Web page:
On Marriage, Socrates, and Socrates’ Marriage

Like every normal human being with access to Google, I search everything that comes to my mind. Usually these searches are limited to Arsenal, Arsenal FC, Arsenal Football Club, AFC, Arsenal: the club that invented football and plays with such divine beauty that its blasphemous to share it with another team and shall henceforth “play with itself” (and still shall not win anything)

But lately, my mind is full of deep dark thoughts. Thoughts of human bondage marriage and being yoked together forever companionship. The fact that yours truly has decided to take the final plunge may have something to do with it. Consequently, I spent some considerable time doing what I am expected to do. Search the world wide web for everything nuptial.

This is how a typical web search progresses for me

  1. Google ‘”X”
  2. Read the Wikipedia entry
  3. Google “X + cast”
  4. Shift to YouTube. Search for “X + season n trailer”
  5. Search for “X + full episodes”
  6. Torrent search for “X + complete season (with subtitles)”. Start download.
  7. Oops all drives are full. Frantically search for external hard disk. Realize it is on the other corner of the room. Make space by deleting last season of House MD.
  8. Start House MD marathon

(As you can see, my MO would not work for deep dark thoughts going through my mind.)

While on the topic of Marriage, I found this interesting thought by certain Mr Socrates.

By all means, marry. If you get a good wife, you’ll become happy; if you get a bad one, you’ll become a philosopher.

– Socrates

Funny chap that fellow. I don’t think he ever had a moment of peace after saying such utter rot. But that made me wonder what kind of wife he had. Consequently, I delved deeper into the abyss of Socrates’ marital life. As it turn out, this Socrates fellow was married to a funny character called Xanthippe and had three kids with her.

Xanthippe, in Greek means a “yellow horse” or a “blonde horse”. Fair enough, her father had a sense of humour. So according to general belief, Socrates’ wife looked like:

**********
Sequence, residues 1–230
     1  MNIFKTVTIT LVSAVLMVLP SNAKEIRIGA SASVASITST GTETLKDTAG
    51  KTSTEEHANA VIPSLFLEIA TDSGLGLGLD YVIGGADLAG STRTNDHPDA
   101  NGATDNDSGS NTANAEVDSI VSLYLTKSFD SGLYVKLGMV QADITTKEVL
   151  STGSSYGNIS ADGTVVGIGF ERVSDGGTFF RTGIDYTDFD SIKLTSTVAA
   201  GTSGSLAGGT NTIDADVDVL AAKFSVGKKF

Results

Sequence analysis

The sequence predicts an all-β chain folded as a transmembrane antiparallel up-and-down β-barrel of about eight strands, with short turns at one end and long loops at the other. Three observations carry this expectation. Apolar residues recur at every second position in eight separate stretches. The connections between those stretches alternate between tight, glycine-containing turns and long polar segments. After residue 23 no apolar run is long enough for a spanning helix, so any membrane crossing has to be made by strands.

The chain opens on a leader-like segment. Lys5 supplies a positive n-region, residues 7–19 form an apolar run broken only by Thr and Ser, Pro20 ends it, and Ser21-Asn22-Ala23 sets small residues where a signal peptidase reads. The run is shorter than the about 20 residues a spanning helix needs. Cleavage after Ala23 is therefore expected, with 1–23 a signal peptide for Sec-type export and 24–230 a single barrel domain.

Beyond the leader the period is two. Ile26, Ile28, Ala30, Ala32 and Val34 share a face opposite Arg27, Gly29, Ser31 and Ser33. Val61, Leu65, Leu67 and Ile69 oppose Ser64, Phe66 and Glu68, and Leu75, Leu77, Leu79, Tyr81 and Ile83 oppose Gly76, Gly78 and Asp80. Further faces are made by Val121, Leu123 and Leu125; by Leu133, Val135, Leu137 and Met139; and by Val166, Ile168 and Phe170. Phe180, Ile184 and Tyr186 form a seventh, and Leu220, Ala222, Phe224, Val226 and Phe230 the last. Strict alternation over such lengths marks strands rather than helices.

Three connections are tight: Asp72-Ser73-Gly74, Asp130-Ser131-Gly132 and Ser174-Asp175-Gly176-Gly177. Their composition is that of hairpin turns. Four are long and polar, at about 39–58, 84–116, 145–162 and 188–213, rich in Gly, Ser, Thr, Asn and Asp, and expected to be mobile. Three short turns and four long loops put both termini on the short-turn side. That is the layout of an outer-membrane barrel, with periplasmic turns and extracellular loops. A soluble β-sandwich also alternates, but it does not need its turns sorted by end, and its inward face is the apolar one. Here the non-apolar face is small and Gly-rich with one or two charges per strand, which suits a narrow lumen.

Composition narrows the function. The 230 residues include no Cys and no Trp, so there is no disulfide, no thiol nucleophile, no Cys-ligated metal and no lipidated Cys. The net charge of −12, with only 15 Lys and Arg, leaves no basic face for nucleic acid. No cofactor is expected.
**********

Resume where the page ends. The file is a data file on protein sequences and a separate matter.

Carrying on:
Socrates loved bestiality

or worse looked like the most famous blonde horse that ever lived:

Sarah Jessica Parker

Either way, you cant blame the old chap for becoming a Philosopher. Not surprisingly, his views towards marriage were very similar to taming a horse. He once said, (possibly at a pub, pissed drunk, after his football team was relegated from the third league):

It is the example of the rider who wishes to become an expert horseman: “None of your soft-mouthed, docile animals for me,” he says; “the horse for me to own must show some spirit” in the belief, no doubt, if he can manage such an animal, it will be easy enough to deal with every other horse besides. And that is just my case. I wish to deal with human beings, to associate with man in general; hence my choice of wife. I know full well, if I can tolerate her spirit, I can with ease attach myself to every human being else

What a time it was, the ancient Greece. A man can liken a woman to an animal assured of the fact that no bra shall be burnt in response. What a happy blissful time.

Not so blissful was the Socrates household apparently. A well known anecdote about his wife is the one where she was so angry with her husband that she emptied a chamber pot full of water on him. The philosopher then replied: “After thunder comes rain.”

Take that you filthy scumbag

“Take that you filthy scumbag!”

One thing, I have learnt in my 8 years of relationship, comparing your soul mate to a horse (no matter what her name!) does not work well for you, nor do the wise cracks!

If you have any comments, advise, experience about marital bliss and preservation therof, leave a coment, no?

You can share or leave a comment anyway.